She said that authorities are always slow in dealing with cases of abuse and always solicit for bribes from those seeking justice.
“Traditional leaders are also a major setback in our activities. They are always seeking to arbitrate the SGBV matters and they hardly deliver justice,” she said, and added, “One of our cases at the moment is that of a Muslim Cleric who has been sexually assaulting an eight-year-old girl. When she spoke out, everyone was against her, warning her not to speak ill of the Cleric. We have her at our safe house.”
At the meeting that was organized at Sesay’s home, Sylvia Wright, a Paralegal officer working with Caritas Freetown-JPC said that the justice department of the development arm of the Catholic Church in Freetown started journeying with women in New Camp in 2017.
“We realized that cases of SGBV in this part of Sierra Leone were too high and they stemmed from the civil war. The government was not doing anything to help and the women were left to fight for themselves,” Ms. Wright said.
Activities of Caritas Freetown-JPC department in New Camp include advocacy against SGBV, sensitization of women and girls on their rights and training of community workers on how to handle cases of abuse.
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Women in the community are also supported to start farming, which is the main economic activity in New Camp.
“Caritas has trained us on growing peanuts, which we eat and sell the surplus to make some money. They have also brought experts who trained us on many farming issues, including producing organic fertilizers to grow organic food,” Sesay said, adding that women at the camp have also been taking through nutrition lessons and how they can eat affordable balanced diets to give birth to healthy babies.
In Grafton alone, Caritas Freetown-JPC works with 12 other camps with targeted SGBV prevention and mitigation activities, Ms. Wright said.
She added, “Here, we support women in farming because that is their main economic activity. There are places where we support women to start small businesses and to grow them. Here in New Camp, we bring women seeds and tools and take them through training. We come here every two weeks to check on them. We have also helped them to open bank accounts and to save as much as possible to grow their farming ventures.”
The women have also been trained on how to handle SGBV cases, the Paralegal officer said, and added, “Now, women like Sesay and many others know which cases of abuse they can handle and which to refer to authorities. We have seen them follow up on many cases that saw victims get justice.”
In a past interview with ACI Africa, Eliza Sillah, the Programs Manager of Caritas Freetown-JPC said that violence in many communities experiencing high cases of SGBV starts from families, “sometimes because of the dependency of women on their husbands.”
“We therefore empower these women economically and increase their decision-making power in the families,” Eliza said during the November 3 interview, and added, “Some women have said that after our intervention, their husbands now borrow money from them and have developed more respect for them.”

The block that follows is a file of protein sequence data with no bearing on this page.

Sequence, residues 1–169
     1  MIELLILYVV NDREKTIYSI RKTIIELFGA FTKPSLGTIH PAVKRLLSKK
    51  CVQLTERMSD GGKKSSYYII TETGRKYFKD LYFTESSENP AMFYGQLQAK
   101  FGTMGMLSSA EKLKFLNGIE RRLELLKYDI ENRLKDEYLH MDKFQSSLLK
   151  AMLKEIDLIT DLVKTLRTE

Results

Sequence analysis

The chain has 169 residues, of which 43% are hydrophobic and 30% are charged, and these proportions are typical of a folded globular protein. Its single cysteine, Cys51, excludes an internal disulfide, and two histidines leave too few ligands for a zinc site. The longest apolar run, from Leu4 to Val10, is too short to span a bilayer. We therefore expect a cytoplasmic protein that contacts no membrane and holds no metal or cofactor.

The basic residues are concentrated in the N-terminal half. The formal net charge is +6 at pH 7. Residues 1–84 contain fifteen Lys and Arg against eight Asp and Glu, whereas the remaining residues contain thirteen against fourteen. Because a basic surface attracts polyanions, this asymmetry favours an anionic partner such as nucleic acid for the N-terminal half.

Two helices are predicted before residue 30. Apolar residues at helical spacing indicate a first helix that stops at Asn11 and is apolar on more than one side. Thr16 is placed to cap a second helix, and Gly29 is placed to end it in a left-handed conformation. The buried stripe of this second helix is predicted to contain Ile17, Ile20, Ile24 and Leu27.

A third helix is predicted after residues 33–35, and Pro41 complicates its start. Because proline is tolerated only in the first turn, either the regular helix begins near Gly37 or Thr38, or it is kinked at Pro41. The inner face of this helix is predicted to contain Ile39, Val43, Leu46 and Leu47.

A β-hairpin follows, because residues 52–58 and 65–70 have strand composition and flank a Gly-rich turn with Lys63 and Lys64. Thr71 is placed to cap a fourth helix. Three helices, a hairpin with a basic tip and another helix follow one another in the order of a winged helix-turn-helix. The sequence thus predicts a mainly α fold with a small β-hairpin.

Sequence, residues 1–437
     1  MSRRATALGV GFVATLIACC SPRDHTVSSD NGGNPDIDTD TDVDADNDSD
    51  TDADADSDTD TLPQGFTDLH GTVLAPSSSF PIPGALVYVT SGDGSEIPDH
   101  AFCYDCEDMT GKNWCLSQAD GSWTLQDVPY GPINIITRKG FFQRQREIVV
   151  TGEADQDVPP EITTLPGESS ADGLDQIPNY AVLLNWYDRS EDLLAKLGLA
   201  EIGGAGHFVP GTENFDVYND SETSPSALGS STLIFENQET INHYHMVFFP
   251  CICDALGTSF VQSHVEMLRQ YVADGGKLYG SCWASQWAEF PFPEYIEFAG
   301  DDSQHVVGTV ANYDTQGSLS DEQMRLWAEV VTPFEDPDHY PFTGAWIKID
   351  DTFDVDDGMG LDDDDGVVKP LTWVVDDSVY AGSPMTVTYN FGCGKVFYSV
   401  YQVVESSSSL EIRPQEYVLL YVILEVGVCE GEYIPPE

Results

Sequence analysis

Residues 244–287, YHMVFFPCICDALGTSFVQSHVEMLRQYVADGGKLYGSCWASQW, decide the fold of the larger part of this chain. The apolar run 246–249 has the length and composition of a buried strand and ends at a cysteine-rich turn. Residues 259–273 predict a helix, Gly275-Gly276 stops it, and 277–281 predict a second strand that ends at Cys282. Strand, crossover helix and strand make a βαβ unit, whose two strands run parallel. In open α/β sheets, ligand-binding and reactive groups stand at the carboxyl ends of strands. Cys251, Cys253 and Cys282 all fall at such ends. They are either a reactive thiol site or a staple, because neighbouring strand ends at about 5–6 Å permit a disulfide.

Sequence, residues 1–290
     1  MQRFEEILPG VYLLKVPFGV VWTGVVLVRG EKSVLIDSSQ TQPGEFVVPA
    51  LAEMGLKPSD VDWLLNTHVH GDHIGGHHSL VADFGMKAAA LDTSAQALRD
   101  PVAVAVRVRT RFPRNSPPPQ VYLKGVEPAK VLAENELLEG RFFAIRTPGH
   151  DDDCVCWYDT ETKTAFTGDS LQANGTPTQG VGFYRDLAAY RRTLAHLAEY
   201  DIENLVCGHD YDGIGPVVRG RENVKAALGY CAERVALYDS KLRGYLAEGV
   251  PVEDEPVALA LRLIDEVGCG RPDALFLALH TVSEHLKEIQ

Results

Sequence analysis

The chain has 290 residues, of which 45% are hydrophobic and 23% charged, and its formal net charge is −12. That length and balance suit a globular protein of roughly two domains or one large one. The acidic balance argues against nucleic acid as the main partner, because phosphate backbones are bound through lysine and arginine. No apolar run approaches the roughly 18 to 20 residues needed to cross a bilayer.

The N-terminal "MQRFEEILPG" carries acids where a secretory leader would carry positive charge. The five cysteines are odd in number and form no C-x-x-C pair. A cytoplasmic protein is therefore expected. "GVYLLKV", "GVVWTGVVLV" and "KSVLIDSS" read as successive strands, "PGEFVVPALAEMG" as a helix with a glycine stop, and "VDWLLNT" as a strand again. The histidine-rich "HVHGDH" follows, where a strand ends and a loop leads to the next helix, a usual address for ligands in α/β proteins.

Activities of Caritas Freetown-JPC include legal education, advocacy, empowerment of marginalized girls and vulnerable women, response to SGBV, violence prevention, and capacity building, among others.
Caritas Freetown-JPC’s clinics are fully equipped with social workers, paralegals and other qualified staff to handle the community challenges. Cases that are difficult to handle are referred to authorities.
The women are equipped with skills to practice farming and to engage in businesses. Those willing to engage in businesses are given loans, Eliza said.
She added, “Before, we gave them money to invest in businesses but they would use it on other needs that they thought were more pressing. Then we changed strategy and we now accompany each woman from the identifying business they want to engage in, taking them for training and even going with them to the market to buy the things they wish to sell. This way, they don’t divert the money meant for business to other uses.”
“We have been accompanying these women in their businesses and from our latest analysis, we were happy to note that 98 percent of women we supported with small businesses are still doing it, and most of them have massively expanded their businesses,” Eliza said, adding that the women have also been encouraged to start saving every month.
She said that apart from economic empowerment, women also develop social cohesion as they interact in their saving and investments groups.
Caritas Freetown-JPC has also played an advocacy role that has seen a law that prohibited women from purchasing apartments “unless they were accompanied by a male partner” reviewed. This, Eliza said, has seen many women get empowered to buy and own apartments by themselves.
Agnes Aineah is a Kenyan journalist with a background in digital and newspaper reporting. She holds a Master of Arts in Digital Journalism from the Aga Khan University, Graduate School of Media and Communications and a Bachelor's Degree in Linguistics, Media and Communications from Kenya's Moi University. Agnes currently serves as a journalist for ACI Africa.